Docstoc

BIOINFORMATICS

Document Sample
BIOINFORMATICS Powered By Docstoc
					                            BIOINFORMATICS


D.Sharath Chandra                                            Priyanka Komakula
  III yr B.Tech.                                                    III yr B.Tech.
  KITS, Warangal.                                                   KITS, Warangal.
E-mail: meet_sharath@yahoo.com                        E-mail: pkomakula@yahoo.co.in



Abstract


     In this paper we present a brief idea of Bioinformatics. Firstly, we describe about

 role of computers in bioinformatics, in the identification of unknown virus. Then we

 present the creation of databases of the protein structures .Then we move to the core of

 the paper which deals with the similarity searching techniques: FASTA and PSI-BLAST.

 In FASTA, we describe its application and sequence format of multiple alignments with

 an example, which determines among horse, mike whale and red kangaroo which two

 species are closely related. In PSI-BLAST, we present the flow chat of a PSI-BLAST

 searching technique and an example which answers, why pig, or in general, animal

 derived insulin can be used to treat diabetes. Then we discuss the application of

 bioinformatics mainly in the field of drug discovery .Finally, we conclude by describing

 why bioinformatics has become such a hot topic in career option.
Introduction:

                Bioinformatics, as reflected by the term has two components -„Bio‟ and

„Informatics‟ and as such primarily depicts the convergence of two fields of biology and

information technology. Bioinformatics is the application of computer technology to the

management of biological information. Specifically, it is the science of developing

computer databases and algorithms to facilitate and expedite biological research. The

Human Genome Project (HGP) has been the biggest achievement of bioinformatics to

date. Other areas of bioinformatics are sequence alignment, protein structure prediction,

systems biology, protein-protein interactions and virtual evolution.[SR‟04]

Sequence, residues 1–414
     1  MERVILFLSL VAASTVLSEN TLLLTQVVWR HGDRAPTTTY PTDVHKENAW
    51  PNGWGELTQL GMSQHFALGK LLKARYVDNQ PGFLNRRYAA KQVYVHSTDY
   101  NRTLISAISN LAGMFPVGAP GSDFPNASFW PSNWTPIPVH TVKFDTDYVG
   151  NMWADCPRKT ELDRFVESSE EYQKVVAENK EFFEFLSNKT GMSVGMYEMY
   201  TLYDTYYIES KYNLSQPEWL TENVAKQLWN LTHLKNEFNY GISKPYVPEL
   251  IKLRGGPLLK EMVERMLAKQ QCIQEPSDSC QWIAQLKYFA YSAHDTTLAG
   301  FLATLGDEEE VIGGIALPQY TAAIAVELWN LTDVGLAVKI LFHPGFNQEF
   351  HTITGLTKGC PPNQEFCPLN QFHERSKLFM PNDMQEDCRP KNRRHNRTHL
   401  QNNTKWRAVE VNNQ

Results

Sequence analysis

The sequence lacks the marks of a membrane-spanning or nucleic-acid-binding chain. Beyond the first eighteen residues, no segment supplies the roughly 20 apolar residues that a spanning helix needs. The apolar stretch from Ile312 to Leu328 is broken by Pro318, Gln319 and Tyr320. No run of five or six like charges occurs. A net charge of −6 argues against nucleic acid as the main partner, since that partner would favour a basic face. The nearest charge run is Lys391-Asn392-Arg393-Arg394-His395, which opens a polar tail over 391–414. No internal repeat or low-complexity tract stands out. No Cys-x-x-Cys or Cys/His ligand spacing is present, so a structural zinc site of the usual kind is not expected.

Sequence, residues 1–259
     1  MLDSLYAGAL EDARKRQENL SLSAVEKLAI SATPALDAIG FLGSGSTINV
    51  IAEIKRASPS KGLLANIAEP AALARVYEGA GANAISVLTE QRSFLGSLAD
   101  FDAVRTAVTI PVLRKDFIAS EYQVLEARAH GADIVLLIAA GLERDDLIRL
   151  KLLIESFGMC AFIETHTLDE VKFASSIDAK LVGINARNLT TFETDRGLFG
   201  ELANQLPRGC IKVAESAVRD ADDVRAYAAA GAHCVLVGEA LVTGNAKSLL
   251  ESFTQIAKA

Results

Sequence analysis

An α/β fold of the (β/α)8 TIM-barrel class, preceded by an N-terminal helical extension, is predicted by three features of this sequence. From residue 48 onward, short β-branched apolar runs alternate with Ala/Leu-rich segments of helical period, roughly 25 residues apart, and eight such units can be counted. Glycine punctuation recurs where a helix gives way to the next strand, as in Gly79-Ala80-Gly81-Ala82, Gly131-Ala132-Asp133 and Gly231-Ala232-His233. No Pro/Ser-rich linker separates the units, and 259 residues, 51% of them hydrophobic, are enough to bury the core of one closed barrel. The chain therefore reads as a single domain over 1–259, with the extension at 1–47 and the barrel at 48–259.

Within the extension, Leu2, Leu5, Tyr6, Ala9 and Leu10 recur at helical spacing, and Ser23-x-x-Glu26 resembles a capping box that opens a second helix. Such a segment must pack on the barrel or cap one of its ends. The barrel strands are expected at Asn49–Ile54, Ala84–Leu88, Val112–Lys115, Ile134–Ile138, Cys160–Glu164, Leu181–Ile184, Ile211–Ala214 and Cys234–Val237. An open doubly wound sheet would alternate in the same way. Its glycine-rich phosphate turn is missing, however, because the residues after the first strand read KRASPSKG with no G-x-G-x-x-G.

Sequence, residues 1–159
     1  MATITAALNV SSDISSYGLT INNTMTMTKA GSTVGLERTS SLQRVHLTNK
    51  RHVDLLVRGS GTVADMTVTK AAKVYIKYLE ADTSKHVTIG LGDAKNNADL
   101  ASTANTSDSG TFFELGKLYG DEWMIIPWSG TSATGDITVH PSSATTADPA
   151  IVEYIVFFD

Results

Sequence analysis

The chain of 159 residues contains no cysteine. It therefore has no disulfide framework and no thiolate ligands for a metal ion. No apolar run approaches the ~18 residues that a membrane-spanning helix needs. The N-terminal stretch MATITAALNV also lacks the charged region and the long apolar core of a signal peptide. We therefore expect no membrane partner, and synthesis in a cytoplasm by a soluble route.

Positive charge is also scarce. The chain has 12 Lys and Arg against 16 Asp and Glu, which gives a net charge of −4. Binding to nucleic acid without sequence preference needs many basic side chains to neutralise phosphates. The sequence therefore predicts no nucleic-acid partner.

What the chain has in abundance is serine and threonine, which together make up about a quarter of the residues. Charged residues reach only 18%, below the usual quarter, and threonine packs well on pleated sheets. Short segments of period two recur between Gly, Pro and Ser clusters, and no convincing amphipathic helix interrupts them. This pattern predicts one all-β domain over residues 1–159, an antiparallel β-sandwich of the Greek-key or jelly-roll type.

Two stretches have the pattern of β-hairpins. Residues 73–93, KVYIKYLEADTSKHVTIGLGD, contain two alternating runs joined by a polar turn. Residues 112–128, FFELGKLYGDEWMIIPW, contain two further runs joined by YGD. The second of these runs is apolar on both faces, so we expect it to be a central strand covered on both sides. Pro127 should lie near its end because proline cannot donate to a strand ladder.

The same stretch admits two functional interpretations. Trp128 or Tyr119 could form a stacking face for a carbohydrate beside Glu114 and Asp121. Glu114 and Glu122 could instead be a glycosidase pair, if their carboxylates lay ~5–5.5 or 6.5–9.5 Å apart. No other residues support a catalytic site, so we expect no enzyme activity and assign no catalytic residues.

Computers in Bioinformatics:

                   When scientists talk about bioinformatics or “doing bioinformatics”,

they mean the use of computers to store, retrieve, analyze, predict and simulate the nature

and properties of biological macromolecules like nucleic acids (e.g.: deoxyribonucleic

acid, or DNA), and proteins (the product of DNA). Computers and their networking via

internet help the biologists not only to store large volumes of data but also to retrieve data

from anywhere around the world quickly. Scientists and software enthusiasts have

designed innumerable computational tools for analysis of various physio-chemical and

structural properties of biomolecules. These tools help biologists with difficult

mathematical modeling and thus save time, money and effort. Thus, bioinformatics has

ushered in the age of ‘in silico’ biology in contrast to in vivo and in vitro studies.

               For example, imagine a crisis-sometime in future-in which a new

biological virus creates an epidemic of fatal disease in humans or animals. Laboratory

scientists will isolate its genetic material and determine the sequence. Computer
programs will take over. Viruses contain protein molecules which are suitable targets, for

drugs that will interfere with viral structure or function. From the viral DNA sequences,

computer programs will derive the amino acid sequences and other programs will

compute the structures of these proteins and functional properties. First data banks will be

screened for related proteins of known structure. If no related protein of known structure

is found, and viral protein appears genuinely new, the structure prediction must be done

entirely ab initio.




                Thus, knowing the viral protein structure and function will make it

possible to design therapeutic agents.[ http://bioinformatics.oupjournals.org/]


Creation of Sequence Databases:


                 Most biological databases consist of long strings of nucleotides or amino

acids. Each sequence of nucleotides or amino acids represents a particular gene or

protein, respectively. Sequences are represented in shorthand, using single letter

designations. While most biological databases contain nucleotide and protein sequence